athletes at risk.
• Rio will use about 85,000 soldiers
and policeman for the games, the largest
contingent in Brazilian history. The
number is about twice what London
used in 2012. Some of the effort will
be aimed at keeping gangs from hillside
favelas from reaching Olympic venues.
• Researchers have found evidence
of the dengue-like Zika virus in Brazil
and have linked it to a surge of birth
defects in the country. Zika is most
prevalent in Brazil s northeast but has
spread south to Rio. The mosquito-
borne diseases are worst in the southern
hemisphere s summer months of
December, January and February and
less troublesome in the drier winter
month of August when the Olympics
will be held.
• A 16-kilometre (10-mile) subway
extension to take riders from central
Rio to the Olympic Park in the western
suburb of Barra da Tijuca is likely to
be finished just a few weeks before the
games open. The untested line is a risk.
Rio pushes back
track cycling test event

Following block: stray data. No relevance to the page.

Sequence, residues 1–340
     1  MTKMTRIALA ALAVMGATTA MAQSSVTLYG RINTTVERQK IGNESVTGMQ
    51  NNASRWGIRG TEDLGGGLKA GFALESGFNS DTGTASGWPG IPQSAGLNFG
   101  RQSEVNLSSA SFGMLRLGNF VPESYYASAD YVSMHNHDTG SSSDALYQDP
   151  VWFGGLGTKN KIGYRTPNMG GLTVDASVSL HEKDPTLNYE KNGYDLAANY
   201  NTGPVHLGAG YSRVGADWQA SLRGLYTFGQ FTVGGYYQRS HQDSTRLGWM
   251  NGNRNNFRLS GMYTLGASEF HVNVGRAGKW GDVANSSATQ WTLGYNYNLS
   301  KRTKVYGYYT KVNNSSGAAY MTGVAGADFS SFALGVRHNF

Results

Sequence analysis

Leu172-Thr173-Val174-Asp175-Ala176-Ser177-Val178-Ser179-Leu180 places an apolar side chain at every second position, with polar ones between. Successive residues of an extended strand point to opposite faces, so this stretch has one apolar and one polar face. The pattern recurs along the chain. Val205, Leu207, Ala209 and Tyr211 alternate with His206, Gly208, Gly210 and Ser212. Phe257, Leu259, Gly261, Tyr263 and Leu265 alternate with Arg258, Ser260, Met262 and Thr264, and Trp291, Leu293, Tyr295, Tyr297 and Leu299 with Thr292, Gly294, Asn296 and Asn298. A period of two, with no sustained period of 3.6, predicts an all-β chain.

Olympic organisers in Rio de Janeiro
are pushing back a test event in track
cycling because the velodrome for the
event is running behind schedule.
Organisers said on Friday that the
test, set for March 18-20, was being
rescheduled for April 29-May 1. Organ-
izers said the delay would not affect
the event in the Olympics, which run
Rio has faced very few delays building
venues, despite getting off to a slow
UCI, the governing body of the sport,
said in a statement it was "naturally
concerned that the velodrome con-
struction in Rio is being further delayed
and that the test event has also been
delayed as a result."
UCI expressed concern that its ath-
letes had based their training schedules
on having a March test event.
"Our priority has to be the riders
whose training and preparation sched-
ules have for a long time been set
around the Rio Games, relevant test
events and the wider global cycling
calendar," UCI said.
"It is crucial that all parties work
together to ensure the very best con-
ditions for the athletes both ahead of
and during the games and guarantee
that they compete in world class set-
In a statement, the Rio organisers
said the delay was needed to install the
track. This is to begin in February.
The Olympic track event is scheduled
for August 11-16, with the Paralympic
competition following from September
Rio Olympics facing deep cuts
Olympic Games executive director Christophe Dubi speaks during an interview at
Rio 2016 headquarters in Rio de Janeiro, Brazil, on Thursday. AP PHOTO
...unseen in decades